The conspiracies around keto diet
The ketogenic diet is a low-carb, high-fat diet that was originally developed in the 1920s as a treatment for epilepsy.
It has since been adapted for weight loss and improved athletic performance.
But there’s more to keto than meets the eye; many people believe it has hidden benefits that are probably not backed by science.
And this is where the conspiracy theories begin…
A growing number of people think that keto diets like Atkins lead to better memory, boosted longevity, and improved brain function.
But if these claims are true, they’re most likely due to specific ingredients or processes used in various processed foods marketed with “ketogenic” labels found on the shelves of your local grocery store (e.g. Atkins bars, Uncle Ben’s brown rice).
The ketogenic diet is classified as a medical food. This means that it must be approved by the FDA prior to being sold in the United States.
Therefore, before keto is allowed to reach grocery stores, the FDA has to review its safety and effectiveness for people with epilepsy.
All medical foods need to go through the review process, so keto manufacturers are required by law to prove their claims about health benefits.
But because these claims are so far-fetched, they have yet to be fully evaluated by the FDA.
This Anony Max the tells conspiracies around keto diet are :
1. The keto diet helps you preserve muscle mass.
Consuming exogenous ketones helps preserve muscle mass, which then promotes a calorie deficit that allows you to burn fat.
In the long-term, this calorie deficit is what’s going to allow your body to preserve muscle – not a ketogenic diet.
2. The keto diet burns belly fat before any other type of fat.
It’s true that a ketogenic diet can help you lose abdominal fat fast – after all, it was originally developed as a weight loss tool for epileptic children whose seizures could only be controlled by reducing carbohydrates and increasing fat intake.
But if your diet isn’t designed to burn fat at the expense of muscle, you’re just going to lose muscle.
And unless you’re an athlete, losing muscle mass is never a good thing.
So if you want to burn belly fat, then doing cardio or high-intensity interval training (HIIT) is the way to go since it helps increase your body’s fat burning potential.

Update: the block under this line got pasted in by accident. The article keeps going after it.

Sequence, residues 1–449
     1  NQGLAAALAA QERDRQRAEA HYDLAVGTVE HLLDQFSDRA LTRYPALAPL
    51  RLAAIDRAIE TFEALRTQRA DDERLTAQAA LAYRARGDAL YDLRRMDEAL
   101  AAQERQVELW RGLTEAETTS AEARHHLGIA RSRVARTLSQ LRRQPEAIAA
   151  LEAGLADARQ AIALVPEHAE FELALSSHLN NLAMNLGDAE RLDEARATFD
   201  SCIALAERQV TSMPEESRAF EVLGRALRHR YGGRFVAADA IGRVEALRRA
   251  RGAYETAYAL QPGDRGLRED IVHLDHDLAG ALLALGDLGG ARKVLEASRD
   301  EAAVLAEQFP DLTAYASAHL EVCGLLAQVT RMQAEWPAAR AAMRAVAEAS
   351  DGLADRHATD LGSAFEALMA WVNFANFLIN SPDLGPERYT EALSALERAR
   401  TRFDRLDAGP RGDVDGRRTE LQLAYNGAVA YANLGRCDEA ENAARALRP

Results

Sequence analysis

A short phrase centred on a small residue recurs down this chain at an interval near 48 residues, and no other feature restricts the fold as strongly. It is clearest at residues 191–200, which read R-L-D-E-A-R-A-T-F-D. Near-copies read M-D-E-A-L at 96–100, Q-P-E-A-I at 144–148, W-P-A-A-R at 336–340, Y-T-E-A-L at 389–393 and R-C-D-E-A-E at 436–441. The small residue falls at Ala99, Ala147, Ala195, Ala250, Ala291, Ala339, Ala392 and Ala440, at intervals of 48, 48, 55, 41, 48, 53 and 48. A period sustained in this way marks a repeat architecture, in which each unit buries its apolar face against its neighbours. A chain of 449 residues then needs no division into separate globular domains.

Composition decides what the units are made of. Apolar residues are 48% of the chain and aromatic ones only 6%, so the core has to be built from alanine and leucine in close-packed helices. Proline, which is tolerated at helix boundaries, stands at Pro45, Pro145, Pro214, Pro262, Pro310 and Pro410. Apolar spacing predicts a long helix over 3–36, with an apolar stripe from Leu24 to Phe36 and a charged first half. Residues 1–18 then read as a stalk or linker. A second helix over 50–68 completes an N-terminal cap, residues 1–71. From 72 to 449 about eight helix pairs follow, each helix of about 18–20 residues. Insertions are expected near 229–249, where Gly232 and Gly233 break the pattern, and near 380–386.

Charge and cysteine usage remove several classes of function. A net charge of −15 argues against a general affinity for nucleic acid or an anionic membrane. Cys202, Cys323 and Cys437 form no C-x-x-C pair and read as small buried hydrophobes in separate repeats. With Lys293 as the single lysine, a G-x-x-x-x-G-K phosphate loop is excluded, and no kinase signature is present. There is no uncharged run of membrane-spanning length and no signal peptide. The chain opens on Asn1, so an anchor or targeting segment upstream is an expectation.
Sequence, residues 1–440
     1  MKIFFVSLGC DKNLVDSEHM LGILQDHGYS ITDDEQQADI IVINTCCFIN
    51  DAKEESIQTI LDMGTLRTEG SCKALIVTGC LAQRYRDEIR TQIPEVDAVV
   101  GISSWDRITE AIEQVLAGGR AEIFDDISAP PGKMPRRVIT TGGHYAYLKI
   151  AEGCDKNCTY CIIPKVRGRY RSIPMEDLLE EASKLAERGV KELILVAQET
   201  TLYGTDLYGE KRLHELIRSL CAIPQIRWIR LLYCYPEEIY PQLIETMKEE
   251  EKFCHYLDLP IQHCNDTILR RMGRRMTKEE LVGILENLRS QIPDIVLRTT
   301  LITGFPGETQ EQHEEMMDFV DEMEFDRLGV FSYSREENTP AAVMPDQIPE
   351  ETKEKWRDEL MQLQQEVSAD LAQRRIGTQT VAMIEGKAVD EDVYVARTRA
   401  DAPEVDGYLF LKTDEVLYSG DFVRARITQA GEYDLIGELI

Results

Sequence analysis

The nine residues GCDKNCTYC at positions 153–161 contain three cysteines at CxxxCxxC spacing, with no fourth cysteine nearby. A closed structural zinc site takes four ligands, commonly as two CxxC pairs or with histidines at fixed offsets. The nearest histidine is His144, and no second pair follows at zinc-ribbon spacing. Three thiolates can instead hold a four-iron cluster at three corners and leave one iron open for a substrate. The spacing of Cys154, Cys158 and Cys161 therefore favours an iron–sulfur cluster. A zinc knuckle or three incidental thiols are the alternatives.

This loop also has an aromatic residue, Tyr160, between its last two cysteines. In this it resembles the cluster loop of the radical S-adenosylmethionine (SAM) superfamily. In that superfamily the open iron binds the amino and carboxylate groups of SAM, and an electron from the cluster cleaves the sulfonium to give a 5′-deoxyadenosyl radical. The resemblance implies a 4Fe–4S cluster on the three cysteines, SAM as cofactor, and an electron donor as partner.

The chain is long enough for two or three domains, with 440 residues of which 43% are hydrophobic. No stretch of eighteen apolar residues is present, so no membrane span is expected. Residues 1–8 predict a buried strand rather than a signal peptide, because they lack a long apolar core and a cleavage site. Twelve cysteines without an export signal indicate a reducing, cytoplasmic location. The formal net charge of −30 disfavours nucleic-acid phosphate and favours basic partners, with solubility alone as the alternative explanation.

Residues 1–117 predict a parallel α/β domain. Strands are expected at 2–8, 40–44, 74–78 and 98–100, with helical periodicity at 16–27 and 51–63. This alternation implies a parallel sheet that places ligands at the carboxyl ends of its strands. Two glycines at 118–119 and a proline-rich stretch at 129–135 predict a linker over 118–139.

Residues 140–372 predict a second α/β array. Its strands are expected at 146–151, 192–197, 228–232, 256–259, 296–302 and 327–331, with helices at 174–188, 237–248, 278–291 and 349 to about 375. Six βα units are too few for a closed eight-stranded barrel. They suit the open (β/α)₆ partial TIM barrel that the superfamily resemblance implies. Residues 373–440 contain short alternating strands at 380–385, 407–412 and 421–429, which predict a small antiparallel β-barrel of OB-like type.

3. The keto diet prevents Alzheimer’s Disease and dementia.
While there’s no denying the anecdotal evidence about the ketogenic diet, scientific studies on the topic are lacking.
A meta-analysis of 10 randomized, controlled trials involving 2070 patients showed that the ketogenic diet did not significantly reduce seizure frequency (3).
And a large, prospective cohort study with 44,000 participants also found no significant difference in the rate of development of dementia or Alzheimer’s disease between those who consumed carbs and those who didn’t.
And most importantly: there is no solid evidence to suggest that eating a low-carb diet will improve your brain health and function.
In fact, most high carb diets seem to increase your risk for diseases such as type 2 diabetes and heart disease.
4. The keto diet prevents cancer.
Real talk: there’s no good scientific evidence to suggest that medications like ketogenic diets protect against cancer or that they can improve survival rates after cancer diagnosis.
There’s also no real evidence that the keto diet improves outcomes for stage IV cancer patients, either .
And if you’re thinking about starting a ketogenic diet, find out what you should know first . It may surprise you!
While there are many myths about the benefits of the keto diet, hopefully this article has shed some light on what they are and how you can avoid them.
Your health and well-being are very important to us at Dr. Meyer’s Keto Book. We believe that eating a low-carb diet can be very beneficial for your overall health.
We also know that there are many people who have misconceptions about the keto diet, which is why we are doing everything we can to empower you with the right information to make an accurate decision for yourself.
5. The keto diet is a “new, trendy” fad diet.
This one is pretty much true! The ketogenic diet is an extremely popular trend these days, but many people think it’s just the latest fad diet to hit the shelves.
But this so-called “fad” has actually been around since the 1920s, when it was originally developed as a treatment for epilepsy.
And today, more than 1 million people worldwide are on some form of the keto diet.
At Dr. Meyer’s Keto Book , we’re committed to helping you reach your goals and succeed on your weight-loss journey.
We know that our website can be a bit overwhelming for first-time visitors, which is why we created The Keto Beginner’s Guide .
This guide will walk you through the steps to start a keto diet properly and answer any questions you may have about the process.